Financial sanctions against Russia since its invasion of Ukraine began on 24 February have included three main planks. First, sanctions against named Russian individuals have expanded dramatically. Second, a series of sanctions has been imposed on individual Russian banks. These include – but are far from limited to – the much-hyped ability of the European Union to require disconnection of individual Russian banks from SWIFT, the international interbank messaging system which is based in Belgium and thus under EU jurisdiction. Third, the Bank of Russia, the country’s central bank, has been blocked from using its international reserves in a number of jurisdictions. Critically, these include the United States, the EU, United Kingdom, Canada, Japan, Australia and Switzerland – in other words, all the world’s core reserve-currency jurisdictions bar China (China’s share of the world’s aggregate central bank foreign reserves remains in the low single digits, even though its share of the Bank of Russia’s reserves is significantly higher).
This third action, targeting the Bank of Russia, unambiguously counts as systemic and affects the entire Russian financial system and economy, starting with the ongoing slide in the value of the ruble. The first action is about individuals. The second occupies a middle ground: if only a relatively small share of Russian banks are affected, it is non-systemic, but if most are, it becomes systemic. From that standpoint, the EU’s ‘de-SWIFTing’ actions are still non-systemic, since only seven institutions representing about a quarter of the Russian banking system are on the latest list. More could follow, however. In addition to these governmental decisions, some key financial firms are on their own initiative restricting their Russian services, such as VISA and MasterCard, adding to the general disruption.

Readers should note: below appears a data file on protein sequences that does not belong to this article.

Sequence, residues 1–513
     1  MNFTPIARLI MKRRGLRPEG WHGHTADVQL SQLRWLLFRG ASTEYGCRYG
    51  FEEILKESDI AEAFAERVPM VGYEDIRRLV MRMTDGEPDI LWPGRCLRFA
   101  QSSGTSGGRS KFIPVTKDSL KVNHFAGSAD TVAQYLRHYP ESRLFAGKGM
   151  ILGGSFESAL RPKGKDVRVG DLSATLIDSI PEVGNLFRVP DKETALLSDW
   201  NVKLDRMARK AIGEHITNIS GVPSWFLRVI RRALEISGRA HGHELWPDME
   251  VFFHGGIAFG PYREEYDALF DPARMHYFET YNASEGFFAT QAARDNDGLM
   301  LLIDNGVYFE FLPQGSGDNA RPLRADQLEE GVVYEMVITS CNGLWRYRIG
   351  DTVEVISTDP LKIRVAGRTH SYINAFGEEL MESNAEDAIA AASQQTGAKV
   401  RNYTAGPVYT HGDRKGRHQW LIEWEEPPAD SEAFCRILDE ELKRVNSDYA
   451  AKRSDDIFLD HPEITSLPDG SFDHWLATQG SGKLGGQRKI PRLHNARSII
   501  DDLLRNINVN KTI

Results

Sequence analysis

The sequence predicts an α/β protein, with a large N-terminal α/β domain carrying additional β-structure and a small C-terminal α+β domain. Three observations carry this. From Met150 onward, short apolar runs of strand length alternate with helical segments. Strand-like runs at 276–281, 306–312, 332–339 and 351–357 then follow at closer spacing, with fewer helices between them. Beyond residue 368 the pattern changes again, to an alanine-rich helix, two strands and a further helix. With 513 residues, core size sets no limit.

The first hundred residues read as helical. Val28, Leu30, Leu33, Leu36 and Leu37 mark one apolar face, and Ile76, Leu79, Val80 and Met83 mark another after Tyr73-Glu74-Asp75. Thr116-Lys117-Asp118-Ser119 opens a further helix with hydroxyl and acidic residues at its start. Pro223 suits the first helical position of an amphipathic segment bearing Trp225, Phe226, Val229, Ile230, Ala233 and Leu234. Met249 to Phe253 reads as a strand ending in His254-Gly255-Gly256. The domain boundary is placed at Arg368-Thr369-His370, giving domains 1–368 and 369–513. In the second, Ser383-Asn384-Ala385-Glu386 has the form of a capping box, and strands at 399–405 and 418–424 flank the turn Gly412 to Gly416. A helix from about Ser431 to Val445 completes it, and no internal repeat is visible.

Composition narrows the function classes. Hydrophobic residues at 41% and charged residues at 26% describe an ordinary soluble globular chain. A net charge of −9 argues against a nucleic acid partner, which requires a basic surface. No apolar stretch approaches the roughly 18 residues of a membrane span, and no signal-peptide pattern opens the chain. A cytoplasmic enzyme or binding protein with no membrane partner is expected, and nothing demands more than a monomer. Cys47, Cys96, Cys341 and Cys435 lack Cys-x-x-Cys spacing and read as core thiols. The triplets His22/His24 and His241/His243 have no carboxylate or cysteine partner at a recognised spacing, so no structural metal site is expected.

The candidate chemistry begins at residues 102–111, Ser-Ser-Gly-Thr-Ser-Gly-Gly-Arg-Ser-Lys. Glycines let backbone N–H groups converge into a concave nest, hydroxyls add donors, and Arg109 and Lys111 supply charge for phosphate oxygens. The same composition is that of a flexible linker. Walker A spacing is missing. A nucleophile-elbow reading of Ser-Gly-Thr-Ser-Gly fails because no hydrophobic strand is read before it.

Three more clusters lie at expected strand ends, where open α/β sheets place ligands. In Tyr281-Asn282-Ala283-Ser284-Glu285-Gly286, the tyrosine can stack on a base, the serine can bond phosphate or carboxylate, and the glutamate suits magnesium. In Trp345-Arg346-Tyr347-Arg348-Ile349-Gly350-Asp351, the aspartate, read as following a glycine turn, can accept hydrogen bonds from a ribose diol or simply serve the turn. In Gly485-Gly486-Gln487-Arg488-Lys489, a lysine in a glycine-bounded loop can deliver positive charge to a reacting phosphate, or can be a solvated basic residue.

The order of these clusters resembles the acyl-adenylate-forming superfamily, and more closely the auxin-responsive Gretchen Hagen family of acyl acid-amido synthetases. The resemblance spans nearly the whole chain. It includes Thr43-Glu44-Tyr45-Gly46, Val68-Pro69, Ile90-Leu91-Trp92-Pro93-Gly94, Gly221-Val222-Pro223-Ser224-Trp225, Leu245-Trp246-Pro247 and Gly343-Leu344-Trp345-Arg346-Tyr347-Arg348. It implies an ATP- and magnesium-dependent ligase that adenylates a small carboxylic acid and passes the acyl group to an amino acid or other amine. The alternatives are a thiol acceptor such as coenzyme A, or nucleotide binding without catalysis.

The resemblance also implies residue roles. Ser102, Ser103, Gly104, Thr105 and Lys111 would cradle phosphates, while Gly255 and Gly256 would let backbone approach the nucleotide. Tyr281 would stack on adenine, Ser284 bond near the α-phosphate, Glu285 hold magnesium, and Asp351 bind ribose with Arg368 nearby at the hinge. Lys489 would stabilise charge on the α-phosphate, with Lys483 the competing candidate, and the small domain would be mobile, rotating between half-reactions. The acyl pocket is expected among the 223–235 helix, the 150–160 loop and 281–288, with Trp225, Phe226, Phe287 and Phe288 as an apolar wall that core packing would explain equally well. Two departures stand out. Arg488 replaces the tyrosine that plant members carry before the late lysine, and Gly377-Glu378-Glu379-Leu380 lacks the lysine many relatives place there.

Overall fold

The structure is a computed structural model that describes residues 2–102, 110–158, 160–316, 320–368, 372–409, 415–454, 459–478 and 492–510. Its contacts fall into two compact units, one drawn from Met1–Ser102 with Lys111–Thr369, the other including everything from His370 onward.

The impact on Russia’s currency and economy of the systemic sanctions targeted at the Bank of Russia is devastating, in part because they were so unexpected, and despite the continued ability of Russia to achieve a current-account surplus as long as it keeps exporting hydrocarbons. In the past, the United States has sanctioned other central banks (for example, Venezuela and Iran in 2019). What has never happened before, however, is coordinated action by all Group of Seven (G7) jurisdictions against a central bank, let alone one as large and internationally active as the Bank of Russia.
In fact, none of the 63 central banks that are members of the Bank for International Settlements (BIS) in Basel has ever been the target of financial sanctions. The Bank of Russia is not only a member of the BIS club but also of its more exclusive subsets, eg the Financial Stability Board or the Basel Committee on Banking Supervision. It was hard to anticipate that it could be blackballed so promptly. Astonishingly for observers of the ostensibly soft-spoken, consensus-driven central banking community, the BIS announced on 28 February that it would itself follow sanctions “as applicable”, which was widely understood as alignment with the G7 stance. This has no precedent since the establishment of the BIS in 1931, not even during the Second World War.
In recent years, the Bank of Russia diversified its international reserves away from dollars and sterling, but largely into euros (as well as renminbi and gold). In other words, it appears that the scenario that unfolded on 26 February did not feature on the risk map that underpinned the build-up of financial “Fortress Russia” since the invasion of Crimea in 2014. In hindsight, this was a clear miscalculation by the Bank of Russia’s otherwise highly competent governor and her team.